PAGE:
Not a bad album, but it's not a good starting point for Branduardi's discography. If you want to start with this artist go for the first four studio albums. This is good but absolutely non essential.

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 Così E' Se Mi Pare by BRANDUARDI, ANGELO album cover Studio Album, 2011
3.00 | 2 ratings

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Così E' Se Mi Pare
Angelo Branduardi Rock Progressivo Italiano

Review by octopus-4
Special Collaborator RIO/Avant/Zeuhl Team

3 stars My feelings about this album are quite controversial: it's probably the most "celtic influenced" album released by Branduardi during his whole career. Also his violin sounds like a fiddle. The fact that Angelo is back to play violin on an album is surely a good thing as this is his main instrument and he's a very skilled violinist.

"Gira La Testa" is a ballad full of violin with an Irish flavor. I don't know what's this "San Gemolo Celebration" of the title but the lyrics don't have anything religious. It's a love song good for a celebration even if more in Ireland than in Italy. I'm surprised by the fact that Angelo's voice is not changed during all those years.

His vocals have the same tone of the beginnings and this is even more evident in the second track "Barbriallen" (aka the song of Barbara Allen) which is a traditional British (likely Scottish) ballad with origins in the XVII century, but is well known throughout Europe Italy included. I've also found on youtube a demo recorded by Simon and Garfunkel whose main difference is the tempo that's more country-oriented, but the song is almost the same. It's a very sad story of love ad death.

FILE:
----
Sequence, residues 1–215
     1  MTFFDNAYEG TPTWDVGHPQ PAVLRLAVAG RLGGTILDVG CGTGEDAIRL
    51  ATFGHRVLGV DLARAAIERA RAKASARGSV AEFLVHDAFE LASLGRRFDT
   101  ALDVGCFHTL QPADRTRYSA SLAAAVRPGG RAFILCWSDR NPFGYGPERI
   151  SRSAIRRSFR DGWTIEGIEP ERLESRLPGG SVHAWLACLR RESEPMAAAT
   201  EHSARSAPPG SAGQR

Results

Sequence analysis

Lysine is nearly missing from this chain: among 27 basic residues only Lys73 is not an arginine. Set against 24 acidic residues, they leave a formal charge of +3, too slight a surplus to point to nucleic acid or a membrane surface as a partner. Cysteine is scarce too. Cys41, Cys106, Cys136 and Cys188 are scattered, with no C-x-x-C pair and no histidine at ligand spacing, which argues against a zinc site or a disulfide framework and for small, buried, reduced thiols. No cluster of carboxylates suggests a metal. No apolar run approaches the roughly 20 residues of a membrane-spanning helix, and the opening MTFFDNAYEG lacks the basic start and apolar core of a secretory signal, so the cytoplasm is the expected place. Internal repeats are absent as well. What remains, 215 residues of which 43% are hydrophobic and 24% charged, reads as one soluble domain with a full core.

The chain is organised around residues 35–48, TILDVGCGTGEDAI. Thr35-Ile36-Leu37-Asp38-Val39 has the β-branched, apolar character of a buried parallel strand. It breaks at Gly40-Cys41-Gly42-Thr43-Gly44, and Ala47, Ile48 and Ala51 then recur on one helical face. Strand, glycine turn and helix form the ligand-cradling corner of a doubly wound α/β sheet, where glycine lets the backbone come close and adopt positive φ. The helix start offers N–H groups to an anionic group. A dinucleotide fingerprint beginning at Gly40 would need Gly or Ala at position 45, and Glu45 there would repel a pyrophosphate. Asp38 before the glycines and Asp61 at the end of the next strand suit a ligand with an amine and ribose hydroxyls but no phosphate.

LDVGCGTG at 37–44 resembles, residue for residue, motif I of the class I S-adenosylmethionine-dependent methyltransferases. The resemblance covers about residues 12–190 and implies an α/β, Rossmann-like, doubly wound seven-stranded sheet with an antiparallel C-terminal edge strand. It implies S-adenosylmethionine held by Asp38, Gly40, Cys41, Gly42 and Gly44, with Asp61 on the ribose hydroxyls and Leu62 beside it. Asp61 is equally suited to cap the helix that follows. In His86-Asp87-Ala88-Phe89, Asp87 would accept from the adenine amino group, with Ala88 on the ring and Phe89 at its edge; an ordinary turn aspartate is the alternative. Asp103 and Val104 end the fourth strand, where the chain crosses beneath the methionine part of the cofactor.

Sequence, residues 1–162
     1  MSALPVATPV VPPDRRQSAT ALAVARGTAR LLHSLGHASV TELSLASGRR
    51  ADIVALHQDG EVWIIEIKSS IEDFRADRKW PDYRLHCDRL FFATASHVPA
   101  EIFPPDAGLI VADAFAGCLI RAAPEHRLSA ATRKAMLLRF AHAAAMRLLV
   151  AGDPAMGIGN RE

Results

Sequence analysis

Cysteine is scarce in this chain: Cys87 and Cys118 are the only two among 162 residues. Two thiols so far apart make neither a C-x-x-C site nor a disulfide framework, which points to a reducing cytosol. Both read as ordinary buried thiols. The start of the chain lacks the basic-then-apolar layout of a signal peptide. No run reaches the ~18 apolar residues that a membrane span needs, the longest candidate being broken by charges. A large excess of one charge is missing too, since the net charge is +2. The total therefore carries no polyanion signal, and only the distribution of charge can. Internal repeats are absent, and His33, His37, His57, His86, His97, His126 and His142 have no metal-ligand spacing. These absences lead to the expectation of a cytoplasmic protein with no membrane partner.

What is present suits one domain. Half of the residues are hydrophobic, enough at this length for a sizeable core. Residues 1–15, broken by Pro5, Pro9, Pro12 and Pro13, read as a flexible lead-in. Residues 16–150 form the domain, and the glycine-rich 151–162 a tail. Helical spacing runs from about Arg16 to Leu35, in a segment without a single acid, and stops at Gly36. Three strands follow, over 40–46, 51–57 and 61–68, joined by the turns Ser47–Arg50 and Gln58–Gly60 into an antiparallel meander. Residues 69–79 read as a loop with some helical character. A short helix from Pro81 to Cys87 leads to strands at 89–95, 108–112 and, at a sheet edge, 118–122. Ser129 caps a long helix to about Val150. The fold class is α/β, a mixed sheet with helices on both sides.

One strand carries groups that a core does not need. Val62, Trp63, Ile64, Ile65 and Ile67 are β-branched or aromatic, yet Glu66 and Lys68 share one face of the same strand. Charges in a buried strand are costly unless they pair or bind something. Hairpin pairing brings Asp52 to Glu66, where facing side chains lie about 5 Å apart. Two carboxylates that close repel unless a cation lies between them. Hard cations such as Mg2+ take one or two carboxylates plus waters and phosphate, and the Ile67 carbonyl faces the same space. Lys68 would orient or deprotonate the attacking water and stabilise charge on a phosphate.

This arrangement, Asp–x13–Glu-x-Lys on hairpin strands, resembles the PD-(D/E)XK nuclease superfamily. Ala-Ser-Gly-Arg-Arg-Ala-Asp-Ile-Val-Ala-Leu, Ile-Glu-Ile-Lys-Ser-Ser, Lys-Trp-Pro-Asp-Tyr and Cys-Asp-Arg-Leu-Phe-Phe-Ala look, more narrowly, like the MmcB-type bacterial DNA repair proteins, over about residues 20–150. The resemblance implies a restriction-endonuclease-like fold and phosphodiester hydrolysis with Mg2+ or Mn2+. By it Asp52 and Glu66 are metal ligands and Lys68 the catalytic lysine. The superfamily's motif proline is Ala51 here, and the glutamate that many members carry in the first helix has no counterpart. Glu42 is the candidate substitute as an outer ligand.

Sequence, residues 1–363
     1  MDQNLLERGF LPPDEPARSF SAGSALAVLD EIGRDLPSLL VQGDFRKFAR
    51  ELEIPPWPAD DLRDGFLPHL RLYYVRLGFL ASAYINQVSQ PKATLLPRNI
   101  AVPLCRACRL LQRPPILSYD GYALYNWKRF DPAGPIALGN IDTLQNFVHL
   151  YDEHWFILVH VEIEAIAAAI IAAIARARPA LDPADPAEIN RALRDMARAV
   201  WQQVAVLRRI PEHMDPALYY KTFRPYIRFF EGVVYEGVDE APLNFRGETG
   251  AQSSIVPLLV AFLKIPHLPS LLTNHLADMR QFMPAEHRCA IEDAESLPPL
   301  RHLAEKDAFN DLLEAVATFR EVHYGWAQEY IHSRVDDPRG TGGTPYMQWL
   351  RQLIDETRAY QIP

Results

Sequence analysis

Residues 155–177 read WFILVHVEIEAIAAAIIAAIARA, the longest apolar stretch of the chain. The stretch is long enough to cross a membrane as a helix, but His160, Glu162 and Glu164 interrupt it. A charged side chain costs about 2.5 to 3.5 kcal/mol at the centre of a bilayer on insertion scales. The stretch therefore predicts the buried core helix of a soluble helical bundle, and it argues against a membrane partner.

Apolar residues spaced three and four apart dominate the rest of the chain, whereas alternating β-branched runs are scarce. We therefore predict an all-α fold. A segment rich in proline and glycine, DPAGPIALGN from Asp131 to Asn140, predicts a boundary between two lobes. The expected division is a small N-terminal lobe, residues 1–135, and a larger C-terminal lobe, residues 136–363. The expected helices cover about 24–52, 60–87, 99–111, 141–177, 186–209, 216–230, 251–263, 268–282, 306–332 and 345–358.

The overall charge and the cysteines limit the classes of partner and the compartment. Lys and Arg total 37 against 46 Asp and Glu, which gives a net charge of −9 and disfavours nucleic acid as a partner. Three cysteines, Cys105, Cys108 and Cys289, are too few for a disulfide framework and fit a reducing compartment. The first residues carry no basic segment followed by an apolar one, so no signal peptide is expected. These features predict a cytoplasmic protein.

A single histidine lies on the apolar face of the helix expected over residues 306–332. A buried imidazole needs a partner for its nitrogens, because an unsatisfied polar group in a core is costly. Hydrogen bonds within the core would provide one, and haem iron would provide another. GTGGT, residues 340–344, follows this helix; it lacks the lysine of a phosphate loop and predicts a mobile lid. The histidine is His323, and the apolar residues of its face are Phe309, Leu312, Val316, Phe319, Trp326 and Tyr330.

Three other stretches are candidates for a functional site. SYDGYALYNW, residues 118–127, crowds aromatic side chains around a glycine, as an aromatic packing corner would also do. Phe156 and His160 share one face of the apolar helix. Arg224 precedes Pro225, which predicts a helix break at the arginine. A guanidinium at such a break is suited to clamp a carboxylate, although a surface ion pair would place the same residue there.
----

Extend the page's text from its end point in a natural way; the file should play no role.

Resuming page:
The it comes a very unusual thing. Branduardi is used to reinterpret and arrange medieval or traditional songs, but this is one of the few covers, I think the first after the Donovan's cover on the Yeats' album. "Il Lungo Addio"(The Long Goodbye) is nothing else than Elvis Costello's "The Scarlet Tide" arranged like a song from the Renaissance with "pizzicato" strings and piano plus a bit of classical guitar.

With "Una Vigile Stella" (A Wakeful Star) Branduardi is back to the dreamy fairytales of the first albums. Also this song has a strong British flavor. It makes me think to Pentangle and thinking better, it's quite similar to the Clannad's "So Early In The Spring". The arrangement is progressive enough anyway. A very good song of a kind which seemed disappeared from Angelo's chords many years before.

Now the surprise: a cover of Pogues' "Fairytales of New York", almost identical to the original and translated into a very raw language (Italian can be very very raw) that appears very inappropriate with Angelo and his music. Also I don't think anybody was needing another cover of this song which in Italian doesn't sound much well. This album is short enough without having to skip one track.

"La Ballata Del Tempo E Dello Spazio" (The Ballad Of Space And Time) is a sort of hymn to the spacetime and it's not written by Branduardi, another unusual thing. The song is written by his long time guitarist Maurizio Fabrizio with the lyrics written by Walter Tortoreto who's a teacher and musical critic specialized in music and poetry of the 13th Century. I don't know what to think of this song. The lyrics are surely more relevant than the baroque music.

It's a partial return to the origins, out of the Futuro Antico series, and probably the first true Branduardi's album after "L'Infinitamente Piccolo", at least for half of it. A bit more than 3 stars, not enough to rate it with four, specially for Sean McGowan's unhappy translation..